Climate Denial Is Disqualifying
Amy Barrett told senators that she is impartial and that her views on climate science are irrelevant — but she illustrated dangerous bias that could make the climate crisis far worse.
This report was written by David Sirota and Walker Bragman.
During her Supreme Court confirmation hearing, Amy Coney Barrett depicted herself as an impartial legal arbiter whose personal views have no bearing on her court rulings. She made this argument most explicitly when she insisted: “I don’t think that my views on global warming or climate change are relevant to the job I would do as a judge.”
This facile line may seem convincing — Vox’s climate writer David Roberts echoed it, asserting that “ACB's views on climate change really don't matter” because what only really matters is her views of regulatory agencies’ legal authority.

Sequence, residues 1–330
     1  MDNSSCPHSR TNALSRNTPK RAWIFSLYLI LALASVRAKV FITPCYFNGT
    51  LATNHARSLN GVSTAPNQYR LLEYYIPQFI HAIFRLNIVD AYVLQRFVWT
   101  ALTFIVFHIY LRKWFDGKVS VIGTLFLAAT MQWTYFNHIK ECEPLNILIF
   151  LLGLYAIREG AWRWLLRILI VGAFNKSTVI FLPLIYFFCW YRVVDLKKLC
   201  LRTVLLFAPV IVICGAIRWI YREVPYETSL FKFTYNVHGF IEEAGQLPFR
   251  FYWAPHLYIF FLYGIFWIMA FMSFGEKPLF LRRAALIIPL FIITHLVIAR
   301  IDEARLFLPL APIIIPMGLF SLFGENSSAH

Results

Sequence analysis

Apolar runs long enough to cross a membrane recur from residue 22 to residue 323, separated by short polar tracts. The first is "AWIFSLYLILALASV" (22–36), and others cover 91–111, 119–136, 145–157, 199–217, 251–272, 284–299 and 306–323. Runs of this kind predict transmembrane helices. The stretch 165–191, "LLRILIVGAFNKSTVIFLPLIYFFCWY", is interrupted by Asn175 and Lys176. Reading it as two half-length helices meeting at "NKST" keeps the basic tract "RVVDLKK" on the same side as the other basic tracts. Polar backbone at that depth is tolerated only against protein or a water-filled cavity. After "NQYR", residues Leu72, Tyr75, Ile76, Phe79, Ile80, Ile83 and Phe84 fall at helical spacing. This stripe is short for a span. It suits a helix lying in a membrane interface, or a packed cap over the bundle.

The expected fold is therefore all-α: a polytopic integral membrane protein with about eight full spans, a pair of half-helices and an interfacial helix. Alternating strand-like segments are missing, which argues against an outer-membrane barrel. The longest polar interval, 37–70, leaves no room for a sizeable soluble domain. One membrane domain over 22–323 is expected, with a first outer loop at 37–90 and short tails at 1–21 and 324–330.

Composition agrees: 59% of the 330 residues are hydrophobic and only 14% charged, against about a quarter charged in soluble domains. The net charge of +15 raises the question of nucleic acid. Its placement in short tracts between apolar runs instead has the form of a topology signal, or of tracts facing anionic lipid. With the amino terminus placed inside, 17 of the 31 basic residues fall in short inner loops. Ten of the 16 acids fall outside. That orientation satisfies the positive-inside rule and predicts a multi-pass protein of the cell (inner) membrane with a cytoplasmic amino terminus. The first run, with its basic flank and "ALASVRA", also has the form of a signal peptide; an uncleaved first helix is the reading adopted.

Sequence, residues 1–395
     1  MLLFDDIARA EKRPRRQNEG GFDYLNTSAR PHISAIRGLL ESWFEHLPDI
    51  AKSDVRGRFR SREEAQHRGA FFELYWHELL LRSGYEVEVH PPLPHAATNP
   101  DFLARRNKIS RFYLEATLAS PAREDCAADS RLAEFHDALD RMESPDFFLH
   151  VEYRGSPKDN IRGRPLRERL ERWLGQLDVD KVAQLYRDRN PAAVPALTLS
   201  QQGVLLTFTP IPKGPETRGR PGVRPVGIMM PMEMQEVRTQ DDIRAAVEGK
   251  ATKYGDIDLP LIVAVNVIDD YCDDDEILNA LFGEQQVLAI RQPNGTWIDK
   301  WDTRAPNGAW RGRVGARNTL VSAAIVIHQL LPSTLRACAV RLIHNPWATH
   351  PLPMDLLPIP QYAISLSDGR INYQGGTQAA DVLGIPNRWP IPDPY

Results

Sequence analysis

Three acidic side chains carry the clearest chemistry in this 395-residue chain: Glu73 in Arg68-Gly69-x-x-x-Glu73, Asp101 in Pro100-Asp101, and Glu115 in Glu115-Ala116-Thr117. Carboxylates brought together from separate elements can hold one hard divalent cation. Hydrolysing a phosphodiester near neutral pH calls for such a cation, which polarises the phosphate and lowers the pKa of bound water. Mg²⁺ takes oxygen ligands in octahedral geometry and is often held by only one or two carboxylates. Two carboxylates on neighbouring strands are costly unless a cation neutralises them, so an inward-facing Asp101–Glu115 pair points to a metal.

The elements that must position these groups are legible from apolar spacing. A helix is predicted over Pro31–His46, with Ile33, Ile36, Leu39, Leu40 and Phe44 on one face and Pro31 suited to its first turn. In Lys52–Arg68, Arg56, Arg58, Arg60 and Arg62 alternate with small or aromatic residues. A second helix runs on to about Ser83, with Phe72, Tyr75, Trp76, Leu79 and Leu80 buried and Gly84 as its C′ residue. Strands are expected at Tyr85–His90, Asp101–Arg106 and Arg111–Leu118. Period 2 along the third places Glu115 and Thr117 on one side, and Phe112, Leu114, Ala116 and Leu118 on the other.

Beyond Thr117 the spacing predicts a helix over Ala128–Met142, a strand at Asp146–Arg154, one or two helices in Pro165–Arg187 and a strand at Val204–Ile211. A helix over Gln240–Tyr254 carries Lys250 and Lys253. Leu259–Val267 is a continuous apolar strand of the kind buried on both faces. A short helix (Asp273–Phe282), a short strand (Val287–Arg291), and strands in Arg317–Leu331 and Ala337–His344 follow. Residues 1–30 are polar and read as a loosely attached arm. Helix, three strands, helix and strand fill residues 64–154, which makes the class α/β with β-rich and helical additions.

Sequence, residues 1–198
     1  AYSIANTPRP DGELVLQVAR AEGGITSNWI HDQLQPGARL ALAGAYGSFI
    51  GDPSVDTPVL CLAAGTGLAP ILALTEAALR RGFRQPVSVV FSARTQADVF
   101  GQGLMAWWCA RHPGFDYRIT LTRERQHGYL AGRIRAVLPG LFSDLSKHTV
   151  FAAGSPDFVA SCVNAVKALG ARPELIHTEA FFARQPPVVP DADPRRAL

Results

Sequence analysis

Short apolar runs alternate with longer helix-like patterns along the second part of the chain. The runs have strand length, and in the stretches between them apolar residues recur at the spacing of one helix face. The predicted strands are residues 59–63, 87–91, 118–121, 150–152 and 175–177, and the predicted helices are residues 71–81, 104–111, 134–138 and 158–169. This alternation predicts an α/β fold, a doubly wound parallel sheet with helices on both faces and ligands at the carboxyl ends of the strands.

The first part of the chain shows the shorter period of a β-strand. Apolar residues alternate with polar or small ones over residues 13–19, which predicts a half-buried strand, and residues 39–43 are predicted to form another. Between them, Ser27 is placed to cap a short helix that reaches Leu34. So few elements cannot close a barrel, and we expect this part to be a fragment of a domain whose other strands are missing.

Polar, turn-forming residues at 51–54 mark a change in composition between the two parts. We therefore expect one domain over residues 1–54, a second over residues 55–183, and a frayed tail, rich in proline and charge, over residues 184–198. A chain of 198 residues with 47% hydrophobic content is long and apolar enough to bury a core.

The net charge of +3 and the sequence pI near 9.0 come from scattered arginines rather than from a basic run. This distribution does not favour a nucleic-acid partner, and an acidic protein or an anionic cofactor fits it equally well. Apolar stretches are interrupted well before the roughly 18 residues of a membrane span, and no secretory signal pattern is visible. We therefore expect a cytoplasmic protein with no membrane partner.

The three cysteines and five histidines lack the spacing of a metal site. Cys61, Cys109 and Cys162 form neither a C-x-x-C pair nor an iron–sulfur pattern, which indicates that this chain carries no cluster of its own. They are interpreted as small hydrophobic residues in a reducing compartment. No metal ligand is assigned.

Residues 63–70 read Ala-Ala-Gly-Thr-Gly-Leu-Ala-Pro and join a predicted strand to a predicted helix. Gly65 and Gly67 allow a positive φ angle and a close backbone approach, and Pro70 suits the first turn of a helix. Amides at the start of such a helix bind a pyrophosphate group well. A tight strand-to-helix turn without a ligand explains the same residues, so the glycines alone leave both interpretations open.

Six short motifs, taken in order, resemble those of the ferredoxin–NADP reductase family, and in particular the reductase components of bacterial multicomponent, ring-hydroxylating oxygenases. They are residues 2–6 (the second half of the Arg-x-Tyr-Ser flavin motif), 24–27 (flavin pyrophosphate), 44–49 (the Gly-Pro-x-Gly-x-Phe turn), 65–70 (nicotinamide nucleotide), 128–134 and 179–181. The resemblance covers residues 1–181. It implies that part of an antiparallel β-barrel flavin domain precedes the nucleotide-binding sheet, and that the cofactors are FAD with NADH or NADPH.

That’s one helluva “well, actually” argument, but actually no: A past case tells a much different story. It illustrates exactly how justices’ personal views of climate science can determine what facts they accept — and do not accept — when they interpret the law.
Sure, Barrett spent the hearings touting her alleged objectivity, but her own answers about science illustrated deep and disqualifying bias.